Note: This is an archived Handbook entry from 2015.
|Dates & Locations:|| |
This subject has the following teaching availabilities in 2015:Semester 2, Parkville - Taught on campus.
Timetable can be viewed here. For information about these dates, click here.
|Time Commitment:||Contact Hours: A 1.5-hour lecture and a 1 hour tutorial per week. |
Total Time Commitment:
Time commitment totals 170 hours.
|Recommended Background Knowledge:|| |
|Non Allowed Subjects:|| |
|Core Participation Requirements:||
For the purposes of considering request for Reasonable Adjustments under the disability Standards for Education (Cwth 2005), and Students Experiencing Academic Disadvantage Policy, academic requirements for this subject are articulated in the Subject Description, Subject Objectives, Generic Skills and Assessment Requirements of this entry.The University is dedicated to provide support to those with special requirements. Further details on the disability support scheme can be found at the Disability Liaison Unit website: http://www.services.unimelb.edu.au/disability/
CoordinatorDr Muhammad Kamal
Dr Muhammad Kamal
This subject introduces students to the rich heritage of ethical traditions in Islamic thought. Students will study and critically evaluate the key features and contributions of Muslim theologians, philosophers and Sufis, who attempted to deal with revelation and rationalistic discourse in exploring the meaning of ethical life for Muslims and discussing whether philosophy and religious wisdoms were equals and allies in the pursuit of happiness. The origin and development of these traditions will be introduced with an emphasis on the relevance and application of some ethical issues, such as free will, predestination, human responsibility, and bioethics, to contemporary Muslim societies.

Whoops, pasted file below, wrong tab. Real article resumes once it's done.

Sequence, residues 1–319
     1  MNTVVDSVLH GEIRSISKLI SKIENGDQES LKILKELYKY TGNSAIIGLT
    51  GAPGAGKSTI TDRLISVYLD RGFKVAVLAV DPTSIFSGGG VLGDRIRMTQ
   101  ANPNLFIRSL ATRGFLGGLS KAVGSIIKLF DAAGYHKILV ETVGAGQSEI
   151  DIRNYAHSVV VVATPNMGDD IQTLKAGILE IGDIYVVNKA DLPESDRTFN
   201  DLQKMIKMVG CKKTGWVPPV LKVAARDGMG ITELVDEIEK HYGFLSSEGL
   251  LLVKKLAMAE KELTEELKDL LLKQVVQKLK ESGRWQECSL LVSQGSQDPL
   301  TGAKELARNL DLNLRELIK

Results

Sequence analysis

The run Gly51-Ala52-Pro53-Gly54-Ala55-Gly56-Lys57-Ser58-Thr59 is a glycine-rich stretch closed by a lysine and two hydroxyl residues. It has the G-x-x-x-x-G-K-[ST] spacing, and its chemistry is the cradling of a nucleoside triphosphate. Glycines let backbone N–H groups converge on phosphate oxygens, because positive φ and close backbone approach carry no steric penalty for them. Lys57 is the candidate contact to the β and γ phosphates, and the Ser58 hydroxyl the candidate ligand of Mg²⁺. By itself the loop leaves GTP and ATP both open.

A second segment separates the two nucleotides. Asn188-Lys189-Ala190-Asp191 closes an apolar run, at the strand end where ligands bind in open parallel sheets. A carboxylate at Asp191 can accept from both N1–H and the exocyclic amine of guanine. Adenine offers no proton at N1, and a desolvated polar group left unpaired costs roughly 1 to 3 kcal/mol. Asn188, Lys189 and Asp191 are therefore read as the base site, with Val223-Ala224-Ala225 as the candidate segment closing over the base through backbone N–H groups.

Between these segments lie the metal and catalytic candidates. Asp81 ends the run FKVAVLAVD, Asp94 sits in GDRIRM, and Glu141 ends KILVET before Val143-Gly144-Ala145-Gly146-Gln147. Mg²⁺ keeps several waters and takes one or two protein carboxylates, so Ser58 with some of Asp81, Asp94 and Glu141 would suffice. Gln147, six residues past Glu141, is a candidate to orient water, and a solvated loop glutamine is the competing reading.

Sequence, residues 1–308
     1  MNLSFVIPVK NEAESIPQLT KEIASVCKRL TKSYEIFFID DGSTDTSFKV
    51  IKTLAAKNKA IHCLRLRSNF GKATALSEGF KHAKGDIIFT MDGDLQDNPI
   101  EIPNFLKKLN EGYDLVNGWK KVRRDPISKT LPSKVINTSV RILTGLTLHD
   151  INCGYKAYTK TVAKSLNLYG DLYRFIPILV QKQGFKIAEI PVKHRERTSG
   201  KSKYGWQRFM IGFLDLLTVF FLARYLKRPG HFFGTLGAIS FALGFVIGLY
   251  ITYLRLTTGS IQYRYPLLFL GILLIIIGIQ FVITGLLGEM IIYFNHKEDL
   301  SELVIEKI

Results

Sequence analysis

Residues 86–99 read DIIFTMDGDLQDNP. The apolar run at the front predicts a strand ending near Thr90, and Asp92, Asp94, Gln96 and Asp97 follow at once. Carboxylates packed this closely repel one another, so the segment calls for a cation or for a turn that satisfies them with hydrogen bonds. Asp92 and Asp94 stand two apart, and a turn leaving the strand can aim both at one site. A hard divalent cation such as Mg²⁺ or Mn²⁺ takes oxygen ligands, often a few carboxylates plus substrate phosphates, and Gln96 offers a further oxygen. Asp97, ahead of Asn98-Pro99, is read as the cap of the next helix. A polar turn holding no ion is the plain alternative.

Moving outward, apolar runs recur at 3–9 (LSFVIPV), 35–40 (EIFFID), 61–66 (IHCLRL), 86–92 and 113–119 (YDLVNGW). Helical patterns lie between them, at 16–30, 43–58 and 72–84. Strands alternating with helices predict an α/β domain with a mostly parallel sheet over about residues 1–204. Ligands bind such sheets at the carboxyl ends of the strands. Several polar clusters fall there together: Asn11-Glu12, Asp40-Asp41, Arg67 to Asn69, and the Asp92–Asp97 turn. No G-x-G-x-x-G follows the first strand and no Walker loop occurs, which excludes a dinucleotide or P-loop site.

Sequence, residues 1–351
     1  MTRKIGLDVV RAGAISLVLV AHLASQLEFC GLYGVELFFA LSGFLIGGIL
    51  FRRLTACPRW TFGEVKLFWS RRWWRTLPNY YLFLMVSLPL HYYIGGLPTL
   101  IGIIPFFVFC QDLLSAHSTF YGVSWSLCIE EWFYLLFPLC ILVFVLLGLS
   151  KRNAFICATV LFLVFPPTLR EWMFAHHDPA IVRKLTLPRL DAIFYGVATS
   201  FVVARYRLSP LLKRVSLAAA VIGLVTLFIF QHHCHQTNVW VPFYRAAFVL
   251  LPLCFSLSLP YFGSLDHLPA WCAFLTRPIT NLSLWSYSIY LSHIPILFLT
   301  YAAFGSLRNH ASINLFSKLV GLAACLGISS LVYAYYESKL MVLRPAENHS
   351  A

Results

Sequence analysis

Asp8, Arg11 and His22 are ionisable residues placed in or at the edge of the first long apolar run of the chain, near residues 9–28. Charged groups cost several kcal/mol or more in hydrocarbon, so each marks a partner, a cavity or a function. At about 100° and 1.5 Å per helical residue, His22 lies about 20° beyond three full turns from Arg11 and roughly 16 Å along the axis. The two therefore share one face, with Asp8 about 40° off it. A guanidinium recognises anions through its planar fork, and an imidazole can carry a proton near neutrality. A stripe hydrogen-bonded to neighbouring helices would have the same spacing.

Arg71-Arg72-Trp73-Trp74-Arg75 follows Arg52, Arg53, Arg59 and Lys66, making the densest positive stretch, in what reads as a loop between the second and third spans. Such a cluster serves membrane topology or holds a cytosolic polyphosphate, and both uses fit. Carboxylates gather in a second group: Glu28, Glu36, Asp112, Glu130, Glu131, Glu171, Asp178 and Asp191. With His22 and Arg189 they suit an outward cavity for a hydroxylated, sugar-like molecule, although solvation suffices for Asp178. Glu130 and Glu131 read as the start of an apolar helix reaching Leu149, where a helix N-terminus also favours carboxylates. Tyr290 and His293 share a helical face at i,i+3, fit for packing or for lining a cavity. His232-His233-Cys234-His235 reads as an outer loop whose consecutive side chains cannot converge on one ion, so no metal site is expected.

Understanding of the ethical traditions in Islamic thought with an emphasis on the ethical doctrines of Muslim theologians, philosophers and Sufis. Discussing the application of some ethical issues, such as free will, predestination, human responsibility, and bioethics, to contemporary Muslim societies.
A 500-word take home 20% (due week 6), a 1,500-word journal excercise 30% (due week 8) and a 2,000-word major essay 50% (due during the examination period).
Class attendance is required for this subject; if you do not attend a minimum of 75% of classes without an approved exemption you will not be eligible for a pass in this subject. Assessment submitted late without an approved extension will be penalised at 10% per day. In-class tasks missed without approval will not be marked. All pieces of written work must be submitted to pass this subject.
|Prescribed Texts:|| |
A subject reader will be available from the University Bookroom.
|Recommended Texts:|| |
|Breadth Options:|| |
This subject potentially can be taken as a breadth subject component for the following courses:
You should visit learn more about breadth subjects and read the breadth requirements for your degree, and should discuss your choice with your student adviser, before deciding on your subjects.
|Fees Information:||Subject EFTSL, Level, Discipline & Census Date|
This subject will be taught online by the University of Melbourne. It is offered to students of University of Melbourne, University of Western Sydney and Griffith University. Local tutorial support will be available at all three universities. Available as a breadth subject. Students who have completed 110-210 Muslim Philosophy and Thought are not eligible to enrol in this subject. Available as a breadth subject.
Islamic Studies |
|Related Breadth Track(s):||
Islamic Studies |
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